All three prisoners who were in the back of a sheriff's van like the one pictured here were injured in the crash. (CBC)

An eyewitness to a recent crash of a sheriff's van in northern New Brunswick says the prisoners were bounced like "marbles in a can," raising questions about the way inmates are transported.

All three prisoners were injured, along with the two sheriff's officers who were accompanying them from the Dalhousie Regional Correctional Centre to court.

John Cranton was following the Chevrolet Astro van on Route 11 during a snow storm on April 23 when the vehicle suddenly spun around on the slippery overpass in Nash Creek and rolled at least four times.

"It just went into a big sweep," landing about 60 feet away from the highway and about 20 feet below highway level, he said.

Cranton stopped and ran to the scene to assist and found the most seriously injured of the three prisoners lying on the floor in the back of the van in a daze.

'It would be the same as putting a handful of marbles in a can and shaking it for all it was worth.' —John Cranton, witness

"He had blood coming out of one ear, blood coming out his nose, cuts all over his face and he was just kind of staring off into space," said Cranton.

"He was not hooked to anything. He had handcuffs on and shackles on his feet. He couldn't even... He just bounced around in there."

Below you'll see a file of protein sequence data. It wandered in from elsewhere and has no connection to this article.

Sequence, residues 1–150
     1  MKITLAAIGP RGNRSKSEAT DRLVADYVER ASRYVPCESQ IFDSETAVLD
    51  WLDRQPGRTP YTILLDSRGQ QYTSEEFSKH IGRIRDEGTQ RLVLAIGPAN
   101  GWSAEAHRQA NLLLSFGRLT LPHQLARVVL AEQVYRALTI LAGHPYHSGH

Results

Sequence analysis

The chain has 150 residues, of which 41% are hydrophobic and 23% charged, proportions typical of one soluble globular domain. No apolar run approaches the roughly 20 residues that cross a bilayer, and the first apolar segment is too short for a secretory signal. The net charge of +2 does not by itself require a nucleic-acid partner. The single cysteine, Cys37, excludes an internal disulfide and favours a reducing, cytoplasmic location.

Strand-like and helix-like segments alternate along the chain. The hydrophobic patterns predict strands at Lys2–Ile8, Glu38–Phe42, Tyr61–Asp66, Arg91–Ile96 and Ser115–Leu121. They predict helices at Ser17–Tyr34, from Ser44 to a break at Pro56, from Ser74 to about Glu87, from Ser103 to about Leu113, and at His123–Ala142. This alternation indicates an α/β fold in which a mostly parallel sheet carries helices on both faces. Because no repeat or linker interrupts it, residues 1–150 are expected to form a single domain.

The other two prisoners were sitting on a bench, attached by their handcuffs to a metal screen at shoulder height in front of them, Cranton said.

"It would be the same as putting a handful of marbles in a can and shaking it for all it was worth," he said. "These guys were really beat up badly — the three of them. They really took a beating."

There did not appear to be a first aid kit in the van, but the two sheriff's officers did their best to assist the prisoners even though they were injured themselves, said Cranton.

All three prisoners were taken to hospital. Two were treated and released back into custody, while the third remains in hospital with what Department of Justice officials describe as "non-life threatening injuries."

"I'm not an advocate for criminals' rights, but I'll tell you what, like I really felt bad for those guys," said Cranton.

Department of Justice spokesman Dave MacLean says seatbelts are provided for prisoners, but they "may choose not to wear" them while being transported.

The two sheriff's officers suffered minor injuries.

There were eight other accidents in the area that day due to road conditions, the RCMP has said.